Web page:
Answer Osborne’s £25bn cuts with general strike

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IN A speech last November, Cameron declared a permanent ‘austerity war’ against the working class, singling out the unemployed and young people as the main enemy of capitalist recovery.

This declaration of war was reinforced in December when the Tory chancellor, George Osborne, announced in parliament that a further £3 billion was to be cut from public expenditure.

Yesterday this relentless, never-ending attack on public spending and the welfare state was stepped up even further when Osborne announced his intention to make another £25 billion in cuts to the welfare bill.

Boasting that the coalition had already made cuts in welfare of around £83 billion, Osborne made it clear that this was not enough.

Flying in the face of all the government propaganda that British capitalism is well on the road to recovery, he stated that the country faced ‘a year of hard truths’ in 2014 and that these cuts would initially be aimed at benefits for youth and people of working age before moving on to the so-called pensioner benefits like free bus passes and television licences.

Without spelling out his proposals in detail, Osborne made it quite clear that he intends to withdraw housing benefit from all young people aged under 25.

Not just youth, but anyone living in a council house is coming under the hammer, with Osborne promising means testing for council tenants with anyone fortunate enough to actually have a job and a wage finding their rents being pushed up.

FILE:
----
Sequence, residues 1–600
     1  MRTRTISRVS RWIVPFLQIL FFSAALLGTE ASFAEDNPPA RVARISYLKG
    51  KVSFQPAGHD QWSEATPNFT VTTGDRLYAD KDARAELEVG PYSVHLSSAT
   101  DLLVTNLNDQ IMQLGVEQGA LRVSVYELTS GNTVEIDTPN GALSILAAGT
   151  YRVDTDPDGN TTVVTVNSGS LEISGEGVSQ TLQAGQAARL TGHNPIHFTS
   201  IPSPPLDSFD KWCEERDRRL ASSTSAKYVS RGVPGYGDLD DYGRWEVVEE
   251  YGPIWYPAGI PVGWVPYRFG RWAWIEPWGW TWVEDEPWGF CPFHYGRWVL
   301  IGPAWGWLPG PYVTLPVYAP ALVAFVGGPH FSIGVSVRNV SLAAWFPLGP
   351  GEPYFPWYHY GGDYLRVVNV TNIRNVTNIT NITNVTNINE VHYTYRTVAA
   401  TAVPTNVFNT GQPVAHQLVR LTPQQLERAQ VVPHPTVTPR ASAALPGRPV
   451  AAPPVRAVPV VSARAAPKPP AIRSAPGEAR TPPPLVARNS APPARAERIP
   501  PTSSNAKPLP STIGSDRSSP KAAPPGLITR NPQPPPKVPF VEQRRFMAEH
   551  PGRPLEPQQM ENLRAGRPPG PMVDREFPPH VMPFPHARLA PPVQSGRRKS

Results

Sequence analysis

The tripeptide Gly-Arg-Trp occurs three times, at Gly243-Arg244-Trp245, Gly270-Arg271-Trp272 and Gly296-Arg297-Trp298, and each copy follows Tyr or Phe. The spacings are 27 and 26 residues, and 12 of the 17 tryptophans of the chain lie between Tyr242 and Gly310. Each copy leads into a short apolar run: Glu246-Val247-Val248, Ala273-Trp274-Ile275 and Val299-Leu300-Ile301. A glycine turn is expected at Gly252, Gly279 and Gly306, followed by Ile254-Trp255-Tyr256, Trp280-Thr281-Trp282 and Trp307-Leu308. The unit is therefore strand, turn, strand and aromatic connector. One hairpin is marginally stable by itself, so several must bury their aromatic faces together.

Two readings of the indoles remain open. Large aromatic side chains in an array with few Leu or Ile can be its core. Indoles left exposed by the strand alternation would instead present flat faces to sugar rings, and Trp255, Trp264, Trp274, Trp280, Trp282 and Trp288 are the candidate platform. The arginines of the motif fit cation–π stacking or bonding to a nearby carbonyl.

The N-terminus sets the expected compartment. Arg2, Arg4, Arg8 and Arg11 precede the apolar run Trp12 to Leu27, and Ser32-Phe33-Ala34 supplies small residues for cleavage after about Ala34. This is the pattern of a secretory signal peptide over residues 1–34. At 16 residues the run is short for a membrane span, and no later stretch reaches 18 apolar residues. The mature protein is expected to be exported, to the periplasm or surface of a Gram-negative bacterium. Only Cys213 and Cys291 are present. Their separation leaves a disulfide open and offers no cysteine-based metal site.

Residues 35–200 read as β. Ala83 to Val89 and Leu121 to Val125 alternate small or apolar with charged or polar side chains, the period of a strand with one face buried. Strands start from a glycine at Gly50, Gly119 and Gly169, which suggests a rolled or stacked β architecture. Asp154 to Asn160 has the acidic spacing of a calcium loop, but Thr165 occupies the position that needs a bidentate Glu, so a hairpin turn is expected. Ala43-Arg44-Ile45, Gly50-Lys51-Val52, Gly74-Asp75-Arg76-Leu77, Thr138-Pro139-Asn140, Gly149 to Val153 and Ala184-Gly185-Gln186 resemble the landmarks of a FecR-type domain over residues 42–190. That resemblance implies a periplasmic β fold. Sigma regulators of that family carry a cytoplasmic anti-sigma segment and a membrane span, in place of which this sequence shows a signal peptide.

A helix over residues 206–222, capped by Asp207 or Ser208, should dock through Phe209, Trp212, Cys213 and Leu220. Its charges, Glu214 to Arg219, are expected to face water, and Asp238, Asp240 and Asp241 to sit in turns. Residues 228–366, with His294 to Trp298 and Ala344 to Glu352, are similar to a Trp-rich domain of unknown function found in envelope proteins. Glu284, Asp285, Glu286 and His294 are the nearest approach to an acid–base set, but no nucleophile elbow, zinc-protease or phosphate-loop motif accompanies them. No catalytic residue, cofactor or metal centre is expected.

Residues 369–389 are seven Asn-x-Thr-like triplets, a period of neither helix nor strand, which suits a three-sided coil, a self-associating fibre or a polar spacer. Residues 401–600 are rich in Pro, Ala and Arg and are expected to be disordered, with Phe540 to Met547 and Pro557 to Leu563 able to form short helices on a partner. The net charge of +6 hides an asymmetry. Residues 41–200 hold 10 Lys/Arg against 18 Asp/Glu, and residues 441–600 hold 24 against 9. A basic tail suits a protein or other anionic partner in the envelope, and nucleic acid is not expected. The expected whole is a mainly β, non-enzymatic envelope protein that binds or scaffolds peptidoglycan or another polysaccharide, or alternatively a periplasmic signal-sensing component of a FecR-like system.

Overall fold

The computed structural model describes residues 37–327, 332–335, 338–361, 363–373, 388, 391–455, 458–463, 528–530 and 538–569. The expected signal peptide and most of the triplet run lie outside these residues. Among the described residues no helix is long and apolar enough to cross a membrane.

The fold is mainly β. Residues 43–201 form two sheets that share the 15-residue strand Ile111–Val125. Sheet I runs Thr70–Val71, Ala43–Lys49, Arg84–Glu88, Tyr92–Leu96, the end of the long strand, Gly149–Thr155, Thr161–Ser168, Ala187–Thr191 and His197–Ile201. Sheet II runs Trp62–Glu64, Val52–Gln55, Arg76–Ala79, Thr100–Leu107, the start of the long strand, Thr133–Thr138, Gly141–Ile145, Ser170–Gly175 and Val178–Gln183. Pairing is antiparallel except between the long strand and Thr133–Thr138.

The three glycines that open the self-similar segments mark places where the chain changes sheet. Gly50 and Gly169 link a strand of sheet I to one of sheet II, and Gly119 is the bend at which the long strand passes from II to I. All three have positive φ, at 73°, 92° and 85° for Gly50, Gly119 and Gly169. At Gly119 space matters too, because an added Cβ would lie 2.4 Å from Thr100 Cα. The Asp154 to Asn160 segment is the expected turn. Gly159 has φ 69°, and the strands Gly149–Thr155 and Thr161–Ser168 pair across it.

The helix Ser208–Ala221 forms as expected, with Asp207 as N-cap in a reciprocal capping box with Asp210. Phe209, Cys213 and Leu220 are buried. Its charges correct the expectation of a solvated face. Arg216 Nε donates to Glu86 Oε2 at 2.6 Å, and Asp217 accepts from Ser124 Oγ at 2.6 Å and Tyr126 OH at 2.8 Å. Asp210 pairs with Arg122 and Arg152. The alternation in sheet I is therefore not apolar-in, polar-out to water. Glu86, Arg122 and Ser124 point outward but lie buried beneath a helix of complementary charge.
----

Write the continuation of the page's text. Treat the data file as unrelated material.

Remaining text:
Speaking later in the day at a meeting in Birmingham Osborne explained: ‘We’re borrowing around £100 billion a year – and paying half that money a year in interest just to service our debts. We’ve got to make more cuts.’

The actual official figures, which themselves do not accurately reflect the real depth of British capitalism’s bankruptcy, are that in 2013 the British public debt (the total amount borrowed by the government) amounted to over £1.3 trillion and the national debt is increasing – despite all the cuts made so far – by about £121 billion a year or £2.3 billion each week.

This debt has been more than doubled by the bailout of the banking system!

As always, official figures vary on how much has been spent out of public money to prop up the banks with figures ranging from £850 billion to £1.2 trillion, but whatever figure is chosen the stark fact remains that cuts of £25 million in welfare expenditure will not even scratch the surface of the huge debt run up by a collapsing banking system.

When Osborne and Cameron promise to ‘bring down the debt’ they are talking about the complete ending of all government spending on health, pensions, welfare and education.

These proposed cuts, savage as they are, will pale in comparison with what capitalism will be forced to inflict in order to stumble on from one catastrophe to the next.

The immediate future held out to young people of a life of unemployment with no benefits or working for slave wages while being forced to live on the streets, is the future for the entire working class under this bankrupt capitalist system.

There is no way that the working class will peacefully accept being driven back to conditions akin to those that existed before the creation of trade unions at the start of the 19th century.

The time is more than ripe for the working class to bring down this weak and hated coalition government. The only thing stopping it is a leadership in the trade unions that is determined at all costs to avoid this fight.

The fight against Osborne’s plans means a fight to either force these leaders to call a general strike to bring down the government and bring in a workers government that will advance to socialism or remove them and replace them with a new leadership determined to lead this struggle to get rid of this bankrupt capitalist system.